After providing the reader with ample background on the history of Norwegian immigration, Mrs. Jacobson turns to her principal objective: to record the genealogies of families from the Arctic fjords. In this context, she sheds light upon the unusual naming practices that make identifying Norwegian ancestors difficult. For example, Norwegian children typically did not take their father’s surname, and surnames were in fact derived from the father’s given name. This phenomenon helps to explain why the book ends with a given-name index and a surname index (as well as with indexes of subjects and place names). This important lesson in Norwegian onomastics is followed by detailed genealogical and biographical accounts, drawn from primary and secondary sources, of the following families: Eide, Eidissen, Erichsen, Frostad, Gjertsen, Hemmingsen, Ingebrigtsen, Jacobson, Johansen, Pedersen, Rasmussen, Sagan, Seversen, and Simonsen. Rounding out this fascinating volume are illustrations of various Norwegian communities of origin, several genealogical appendices, and an extensive list of sources.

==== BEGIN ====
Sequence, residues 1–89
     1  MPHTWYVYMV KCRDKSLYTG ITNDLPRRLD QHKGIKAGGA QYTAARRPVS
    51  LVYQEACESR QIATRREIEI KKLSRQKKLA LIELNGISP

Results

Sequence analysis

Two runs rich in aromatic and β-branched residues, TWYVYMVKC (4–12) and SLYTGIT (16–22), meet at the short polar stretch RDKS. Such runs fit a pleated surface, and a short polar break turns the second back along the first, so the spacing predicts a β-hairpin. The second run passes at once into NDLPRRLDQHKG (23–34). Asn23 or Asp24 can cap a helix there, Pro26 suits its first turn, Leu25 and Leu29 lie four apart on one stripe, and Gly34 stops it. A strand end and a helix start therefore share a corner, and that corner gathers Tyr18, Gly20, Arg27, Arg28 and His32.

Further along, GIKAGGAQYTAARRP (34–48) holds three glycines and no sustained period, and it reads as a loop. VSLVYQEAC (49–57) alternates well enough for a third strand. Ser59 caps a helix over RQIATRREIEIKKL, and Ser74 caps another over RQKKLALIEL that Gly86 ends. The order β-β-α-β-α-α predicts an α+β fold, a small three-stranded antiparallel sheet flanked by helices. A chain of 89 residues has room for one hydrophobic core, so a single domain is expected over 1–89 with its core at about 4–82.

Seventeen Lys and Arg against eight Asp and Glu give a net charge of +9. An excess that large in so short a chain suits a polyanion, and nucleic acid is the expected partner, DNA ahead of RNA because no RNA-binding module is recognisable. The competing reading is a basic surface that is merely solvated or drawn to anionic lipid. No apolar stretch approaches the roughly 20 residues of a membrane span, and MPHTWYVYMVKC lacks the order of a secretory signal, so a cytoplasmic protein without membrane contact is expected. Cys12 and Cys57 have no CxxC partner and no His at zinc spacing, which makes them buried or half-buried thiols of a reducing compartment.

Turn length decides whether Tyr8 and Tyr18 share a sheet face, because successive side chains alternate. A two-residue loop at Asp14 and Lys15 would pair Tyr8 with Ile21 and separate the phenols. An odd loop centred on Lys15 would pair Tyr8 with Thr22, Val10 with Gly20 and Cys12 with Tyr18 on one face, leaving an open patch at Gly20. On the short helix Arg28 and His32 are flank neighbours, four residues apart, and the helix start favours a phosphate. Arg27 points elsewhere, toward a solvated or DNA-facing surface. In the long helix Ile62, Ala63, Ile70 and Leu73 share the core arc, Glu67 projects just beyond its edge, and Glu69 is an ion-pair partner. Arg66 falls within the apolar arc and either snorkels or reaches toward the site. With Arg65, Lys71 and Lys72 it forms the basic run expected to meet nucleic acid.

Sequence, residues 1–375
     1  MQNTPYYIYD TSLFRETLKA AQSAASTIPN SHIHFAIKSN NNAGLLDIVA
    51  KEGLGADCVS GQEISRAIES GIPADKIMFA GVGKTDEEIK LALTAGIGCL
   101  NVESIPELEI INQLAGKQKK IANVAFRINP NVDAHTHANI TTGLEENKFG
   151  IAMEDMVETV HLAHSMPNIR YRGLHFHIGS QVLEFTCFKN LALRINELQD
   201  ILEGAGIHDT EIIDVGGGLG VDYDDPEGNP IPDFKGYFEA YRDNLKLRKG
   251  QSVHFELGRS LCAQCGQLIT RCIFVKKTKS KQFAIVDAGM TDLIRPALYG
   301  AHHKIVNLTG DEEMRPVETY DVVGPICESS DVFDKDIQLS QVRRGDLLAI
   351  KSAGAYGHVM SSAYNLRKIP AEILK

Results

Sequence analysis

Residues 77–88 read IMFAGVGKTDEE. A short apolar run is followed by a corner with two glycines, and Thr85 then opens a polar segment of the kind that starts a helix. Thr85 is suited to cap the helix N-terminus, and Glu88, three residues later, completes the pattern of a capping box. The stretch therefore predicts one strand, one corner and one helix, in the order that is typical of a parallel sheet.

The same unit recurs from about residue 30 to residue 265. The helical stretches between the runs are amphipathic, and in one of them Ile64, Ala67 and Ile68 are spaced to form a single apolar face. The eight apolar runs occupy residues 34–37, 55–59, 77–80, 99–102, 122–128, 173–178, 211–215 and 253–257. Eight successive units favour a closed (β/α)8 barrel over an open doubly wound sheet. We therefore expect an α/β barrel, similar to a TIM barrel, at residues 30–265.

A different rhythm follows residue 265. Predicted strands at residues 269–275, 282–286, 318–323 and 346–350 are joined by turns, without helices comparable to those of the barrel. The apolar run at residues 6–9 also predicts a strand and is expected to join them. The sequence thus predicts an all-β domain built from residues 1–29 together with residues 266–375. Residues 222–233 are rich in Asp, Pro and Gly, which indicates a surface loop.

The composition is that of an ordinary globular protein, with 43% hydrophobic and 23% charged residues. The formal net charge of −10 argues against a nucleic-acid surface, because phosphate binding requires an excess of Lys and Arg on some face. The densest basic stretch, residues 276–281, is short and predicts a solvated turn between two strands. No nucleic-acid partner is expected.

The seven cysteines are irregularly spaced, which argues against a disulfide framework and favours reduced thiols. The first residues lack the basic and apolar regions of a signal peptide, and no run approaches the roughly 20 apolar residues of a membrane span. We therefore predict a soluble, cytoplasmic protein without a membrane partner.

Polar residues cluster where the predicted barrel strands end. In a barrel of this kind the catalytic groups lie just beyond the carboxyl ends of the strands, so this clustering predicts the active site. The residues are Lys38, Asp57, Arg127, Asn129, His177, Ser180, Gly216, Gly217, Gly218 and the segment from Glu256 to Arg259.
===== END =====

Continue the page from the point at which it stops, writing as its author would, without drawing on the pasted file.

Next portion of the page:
From Arctic Fjord to American Prairie
xiv + 268 pp.
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